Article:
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Daptomycin recovers stroke injury and advances blood-brain barrier in rat brain

Background: Daptomycin (DPM) an antibiotic of lipopeptide class has been used in the treatment of infections caused by gram-positive bacteria. DPM interferes with Matrix Metalloproteinases (MMPs) activity the enzyme responsible for brain damage. However effects of DPM in early treatments of brain injury followed by repurfusion are not well studied. The aim of current research was to evaluate the consequences of DPM administration in early stage of stroke followed by perfusion in rats induced to stroke, and effects on Blood Brain Barrier (BBB) and neuro-inflammation were studied. The study was guided by MRI studies, evaluation of histology and biochemical parameters.

Methods: For present study 30 adult rats spontaneously hypertensive were subjected to 90 minutes of transient Middle Cerebral Artery Occlusion (MCAO). In very early stage the rats received repurfusion and also one group of rats were administered a unit dose of DPM (50 mg/kg) and the other group only received vehicle. The rats were studied at defined time points for upto 4 weeks with MRI.

Results: MRI studies showed DPM reduced infract size and also prevented brain tissue damages compared to vehicle treated rats in ischemic zones after two and four weeks of stroke. Arterial Spin Labeling (ASL) showed DPM improved Cerebral Blood Flow (CBF) and perfusion. Results of dynamic contrast-enhanced MRI demonstrated that DPM decreased permeability of BBB which was associated with elevated levels of TJPs when assessed with Western blot. Mediators of inflammation were examined by Immunohistochemistry. The findings suggested DPM reduced the inflammatory reaction by modulating inflammatory mediators (IL 1β, IL 6, IL 10 and TNF α) and NF κB (p65) due to ischemic injury.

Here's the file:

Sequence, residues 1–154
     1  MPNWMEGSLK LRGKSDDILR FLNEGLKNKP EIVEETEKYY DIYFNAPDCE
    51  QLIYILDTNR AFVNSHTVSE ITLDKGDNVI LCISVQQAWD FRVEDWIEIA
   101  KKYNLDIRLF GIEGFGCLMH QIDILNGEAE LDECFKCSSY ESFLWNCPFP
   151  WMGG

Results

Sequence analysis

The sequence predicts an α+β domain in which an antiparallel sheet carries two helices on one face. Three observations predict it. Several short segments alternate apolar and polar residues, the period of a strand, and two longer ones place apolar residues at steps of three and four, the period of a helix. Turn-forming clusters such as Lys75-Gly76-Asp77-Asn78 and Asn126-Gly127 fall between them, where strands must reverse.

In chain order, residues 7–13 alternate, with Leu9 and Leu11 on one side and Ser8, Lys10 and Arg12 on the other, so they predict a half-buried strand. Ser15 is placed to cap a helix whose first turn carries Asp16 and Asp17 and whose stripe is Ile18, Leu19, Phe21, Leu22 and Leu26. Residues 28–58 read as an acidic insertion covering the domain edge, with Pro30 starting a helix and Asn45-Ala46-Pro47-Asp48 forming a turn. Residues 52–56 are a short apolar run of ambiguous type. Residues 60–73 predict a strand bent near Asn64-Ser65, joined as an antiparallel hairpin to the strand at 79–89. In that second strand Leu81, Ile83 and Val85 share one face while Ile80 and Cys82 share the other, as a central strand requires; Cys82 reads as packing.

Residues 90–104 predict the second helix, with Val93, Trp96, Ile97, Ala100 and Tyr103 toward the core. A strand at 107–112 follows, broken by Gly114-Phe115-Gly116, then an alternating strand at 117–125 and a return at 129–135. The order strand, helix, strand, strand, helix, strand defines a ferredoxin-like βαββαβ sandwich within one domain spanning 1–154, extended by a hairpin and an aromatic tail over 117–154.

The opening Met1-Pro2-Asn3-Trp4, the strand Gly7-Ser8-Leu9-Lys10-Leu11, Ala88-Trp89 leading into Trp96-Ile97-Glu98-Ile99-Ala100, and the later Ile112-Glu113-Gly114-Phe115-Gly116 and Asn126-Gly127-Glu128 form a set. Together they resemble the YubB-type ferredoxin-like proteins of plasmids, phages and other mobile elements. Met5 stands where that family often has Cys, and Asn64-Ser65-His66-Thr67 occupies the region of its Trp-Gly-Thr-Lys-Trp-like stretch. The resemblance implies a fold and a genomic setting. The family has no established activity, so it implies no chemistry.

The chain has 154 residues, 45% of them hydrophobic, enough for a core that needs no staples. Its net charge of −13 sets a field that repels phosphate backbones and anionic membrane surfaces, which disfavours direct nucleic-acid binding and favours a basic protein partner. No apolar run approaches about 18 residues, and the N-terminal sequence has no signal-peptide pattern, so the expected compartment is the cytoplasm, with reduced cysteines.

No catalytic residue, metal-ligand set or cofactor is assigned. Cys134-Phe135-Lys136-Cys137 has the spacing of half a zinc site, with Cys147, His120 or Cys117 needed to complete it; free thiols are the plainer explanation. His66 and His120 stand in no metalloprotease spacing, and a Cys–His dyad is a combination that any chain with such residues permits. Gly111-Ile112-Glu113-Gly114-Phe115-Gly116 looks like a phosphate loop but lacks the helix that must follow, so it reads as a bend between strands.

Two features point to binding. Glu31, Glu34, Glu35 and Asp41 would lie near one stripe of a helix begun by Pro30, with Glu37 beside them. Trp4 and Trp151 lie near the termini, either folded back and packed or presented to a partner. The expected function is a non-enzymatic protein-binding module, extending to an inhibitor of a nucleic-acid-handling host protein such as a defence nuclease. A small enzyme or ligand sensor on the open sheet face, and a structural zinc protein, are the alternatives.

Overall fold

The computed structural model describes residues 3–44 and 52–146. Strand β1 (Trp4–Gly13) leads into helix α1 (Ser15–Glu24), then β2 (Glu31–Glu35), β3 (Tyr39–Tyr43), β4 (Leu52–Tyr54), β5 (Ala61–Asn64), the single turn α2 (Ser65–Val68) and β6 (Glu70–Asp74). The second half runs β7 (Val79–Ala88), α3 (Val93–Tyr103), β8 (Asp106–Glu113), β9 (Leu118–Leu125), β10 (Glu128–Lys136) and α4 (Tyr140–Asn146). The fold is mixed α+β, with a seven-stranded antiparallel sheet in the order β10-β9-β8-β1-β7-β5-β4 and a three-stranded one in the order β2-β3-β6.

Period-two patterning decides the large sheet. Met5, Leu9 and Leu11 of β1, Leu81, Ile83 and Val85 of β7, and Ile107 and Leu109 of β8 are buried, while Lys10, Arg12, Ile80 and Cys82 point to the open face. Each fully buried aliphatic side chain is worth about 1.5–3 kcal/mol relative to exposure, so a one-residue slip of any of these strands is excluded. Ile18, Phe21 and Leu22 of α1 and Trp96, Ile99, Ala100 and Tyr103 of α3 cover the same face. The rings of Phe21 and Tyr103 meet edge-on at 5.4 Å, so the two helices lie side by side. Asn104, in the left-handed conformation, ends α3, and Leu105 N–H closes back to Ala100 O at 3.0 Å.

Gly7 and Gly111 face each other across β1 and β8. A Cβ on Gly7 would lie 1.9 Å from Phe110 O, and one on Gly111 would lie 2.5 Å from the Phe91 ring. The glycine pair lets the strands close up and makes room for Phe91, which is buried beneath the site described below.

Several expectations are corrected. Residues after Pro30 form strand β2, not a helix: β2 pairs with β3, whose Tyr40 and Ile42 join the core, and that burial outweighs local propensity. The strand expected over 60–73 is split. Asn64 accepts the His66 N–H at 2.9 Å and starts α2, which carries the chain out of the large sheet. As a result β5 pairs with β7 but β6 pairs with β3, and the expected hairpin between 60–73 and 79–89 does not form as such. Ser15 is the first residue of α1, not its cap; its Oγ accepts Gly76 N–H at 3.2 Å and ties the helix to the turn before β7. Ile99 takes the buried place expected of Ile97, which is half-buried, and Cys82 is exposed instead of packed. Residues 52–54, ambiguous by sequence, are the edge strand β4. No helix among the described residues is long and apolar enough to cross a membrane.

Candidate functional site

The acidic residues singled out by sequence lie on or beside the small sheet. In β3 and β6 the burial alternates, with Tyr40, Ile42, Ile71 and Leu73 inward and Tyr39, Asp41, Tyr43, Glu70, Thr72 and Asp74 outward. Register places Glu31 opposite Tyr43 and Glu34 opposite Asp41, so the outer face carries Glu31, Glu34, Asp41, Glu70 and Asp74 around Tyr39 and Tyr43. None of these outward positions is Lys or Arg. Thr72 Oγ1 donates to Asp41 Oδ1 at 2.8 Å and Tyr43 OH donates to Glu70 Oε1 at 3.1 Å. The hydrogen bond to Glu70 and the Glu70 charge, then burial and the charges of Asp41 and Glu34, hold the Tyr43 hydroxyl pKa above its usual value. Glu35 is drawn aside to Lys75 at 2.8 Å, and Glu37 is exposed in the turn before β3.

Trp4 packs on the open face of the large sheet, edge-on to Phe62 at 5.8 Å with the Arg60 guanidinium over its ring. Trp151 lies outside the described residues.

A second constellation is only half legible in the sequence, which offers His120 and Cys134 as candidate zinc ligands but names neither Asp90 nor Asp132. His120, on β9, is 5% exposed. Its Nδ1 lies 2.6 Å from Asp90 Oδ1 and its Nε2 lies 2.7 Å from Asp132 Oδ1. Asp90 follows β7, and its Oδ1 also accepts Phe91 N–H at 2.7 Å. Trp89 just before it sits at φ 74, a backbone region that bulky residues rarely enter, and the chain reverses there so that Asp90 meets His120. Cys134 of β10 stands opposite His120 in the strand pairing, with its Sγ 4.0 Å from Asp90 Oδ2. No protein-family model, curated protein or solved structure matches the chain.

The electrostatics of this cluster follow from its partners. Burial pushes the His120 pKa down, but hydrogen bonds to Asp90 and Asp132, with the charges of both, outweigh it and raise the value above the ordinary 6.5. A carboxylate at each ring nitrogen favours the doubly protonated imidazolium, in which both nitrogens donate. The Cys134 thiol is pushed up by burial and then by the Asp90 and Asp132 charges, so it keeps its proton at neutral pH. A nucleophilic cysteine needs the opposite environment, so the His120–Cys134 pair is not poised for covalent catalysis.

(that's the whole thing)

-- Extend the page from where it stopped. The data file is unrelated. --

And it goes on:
Conclusions: DPM treatment at very early stage of stroke followed by reperfusion significantly encouraged neurovascular remodeling and attenuated stroke injury by decreasing brain tissue loss, advancing blood brain barrier and reducing overall inflammatory response.

Author(s): Chunshui Yang, Jianqing Pan, Chuanming Wang, Wenfei Li, Lijie Ren